GRL February 2012
Essays & Criticism on Contemporary Poetry & Literary Fiction
Ardor Oil, acrylic, ink, gold leaf, wood 16 1/2” x 20”
THIS MONTH’S FEATURED ARTIST:
Artist Biography: Making art is an act of remembering. I draw, carve, paint, and write in search of the lesson, the pearl of great worth, the gold in the dross. I reﬁne, concentrate, preserve the best parts. A human life is diluted with struggles and distractions. An artist records truth and surprises the viewer with beauty. Kateri Tolo grew up in St. Paul, Minnesota, at the other end of the Mississippi, not knowing that God would have her follow it southward to attend school at Belhaven University. She graduated from Belhavenʼs Visual Art Department in 2011 and currently serves as elementary art teacher at Jackson Academy and creates and exhibits work in the city of Jackson. Her work is made mostly of broken fragments of previous works and the discarded remnants of other projects. Many of these come from her own work, but also from the work of other artists and friends. She reﬁnes these fragments into objects of richness and worth. Her inspiration in the restoring work of the Creator God who offers shining hope for those who turn to Him. “Being an imperfect creator, everything I make breaks at one time or another in the making,” she says. “My hope is that as I work, toil, fail, and succeed, those who come in contact with me would see Godʼs provision and strength in all my weaknesses.”
Founder/Editor-in-Chief Daniel Casey
Daniel Casey earned his MFA from the University of Notre Dame in 2003. In 2008, Gold Wake Press published his first electronic poetry chapbook, Well Enough. He created and has been editing Gently Read Literature since 2008. Rarely, other literary reviews will publish his poetry. He minds two cats and is the husband of a brilliant geologista. Feel free to email him.
Designer/Layout Manager Carol Jackson Carol Jackson earned her Postgraduate diploma in Arts Management from the Royal Welsh College of Music and Drama in Cardiff, UK. Currently, she is working as Associate Administrator with the Norfolk ChamberMusic Festival/Yale School of Music. Gently Read Literature is her first design/layout project.
Announcing the publication of THE BEDS by MARTHA RHODES from Autumn House Press
Praise for Mother Quiet “. . . Weird, dark, hilarious, direct, otherworldly-these poems display a poet in command of every note the English language is capable of sounding. They will not be silenced: they are unforgettable.” -James Longenbach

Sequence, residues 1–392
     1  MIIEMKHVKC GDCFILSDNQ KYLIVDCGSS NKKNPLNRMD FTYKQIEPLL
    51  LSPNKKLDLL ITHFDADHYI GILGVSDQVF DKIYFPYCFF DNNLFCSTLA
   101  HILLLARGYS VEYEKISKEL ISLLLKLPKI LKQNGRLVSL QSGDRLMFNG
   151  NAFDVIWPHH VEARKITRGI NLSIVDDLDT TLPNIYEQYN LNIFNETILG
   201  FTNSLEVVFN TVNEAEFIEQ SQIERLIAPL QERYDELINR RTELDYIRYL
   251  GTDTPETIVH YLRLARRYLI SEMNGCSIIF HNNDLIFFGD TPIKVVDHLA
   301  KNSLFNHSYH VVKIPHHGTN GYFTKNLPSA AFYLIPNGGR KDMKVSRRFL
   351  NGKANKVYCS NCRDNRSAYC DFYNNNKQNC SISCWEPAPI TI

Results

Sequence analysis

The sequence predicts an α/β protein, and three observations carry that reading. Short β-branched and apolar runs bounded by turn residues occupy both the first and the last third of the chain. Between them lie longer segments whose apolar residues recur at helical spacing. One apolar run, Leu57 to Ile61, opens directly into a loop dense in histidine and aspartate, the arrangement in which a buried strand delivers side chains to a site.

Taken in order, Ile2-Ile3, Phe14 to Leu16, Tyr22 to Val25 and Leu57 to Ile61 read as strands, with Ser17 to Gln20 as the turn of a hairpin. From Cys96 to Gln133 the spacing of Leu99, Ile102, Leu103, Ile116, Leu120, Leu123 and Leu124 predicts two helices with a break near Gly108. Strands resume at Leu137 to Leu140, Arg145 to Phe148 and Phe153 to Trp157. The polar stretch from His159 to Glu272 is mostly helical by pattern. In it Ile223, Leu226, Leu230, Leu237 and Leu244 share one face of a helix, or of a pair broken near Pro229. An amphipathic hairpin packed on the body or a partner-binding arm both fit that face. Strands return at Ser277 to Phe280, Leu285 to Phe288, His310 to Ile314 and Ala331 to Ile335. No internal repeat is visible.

For orders, review copies, course adoption examination copies, please email: info@autumnhouse. org or call (412) 381-4261. Click Here to Order Online or place a special order with your local bookstore. THE BEDS ISBN: 978-1-932870-53-4 54 pages | $14.95 plus shipping. Martha Rhodes is the author of three previous collections of poetry: At the Gate, Perfect Disappearance, and Mother Quiet. She teaches at Sarah Lawrence College and the MFA Program for Writers at Warren Wilson College. Rhodes is a founding editor and the director of Four Way Books in New York City.
“The aim of poetry (and the higher kind of thriller) is to be unexpected and memorable. So a poem about death might treat it in a way that combines the bizarre and the banal: the Other Side as some kind of institution-a creepy hospital, an officious hotel or retirement home. Martha Rhodes takes such an approach in ‘Ambassadors to the Dead,’ from her abrupt, unsettling, artfully distorted, indelible new book Mother Quiet . . . Blending the matterof-fact with the surreal, as a way of comprehending the stunning, final reality, Rhodes is an inheritor of Emily Dickinson’s many poems on the same subject.” -Robert Pinsky, The Washington Post
Frightening & Familiar: Amy Henry on Timothy O’Keefe’s The Goodbye Town
Seasonal Patrons: Joe Sullivan on Matthew Guenette’s American Busboy
We Are All Implicated: Cindy St. John on Susan Briante’s Utopia Minus
LPivotal Yet Ordinary Moments: David S. Atkinson on Richard Duggin’s Why Won’t You Talk To Me: Selected Stories
Whatever You Eat You’re Gonna Shit: Christopher Crawford on Nick Demske’s Nick Demske
The Deranging of Language: Langdon Dean Julius on Scott Wilkerson’s Threading Stone
Dancing with the Stars: Barbara Goldberg on Jay Rogoff’s The Art of Gravity
The Country of Want: Rita Mae Reese on Shara McCallum’s This Strange Land
Joe Sullivan on 30 Under 30: An Anthology of Innovative Fiction by Young Writers In the Aftermath: Sandy Longhorn on Allison Joseph’s My Father’s Kites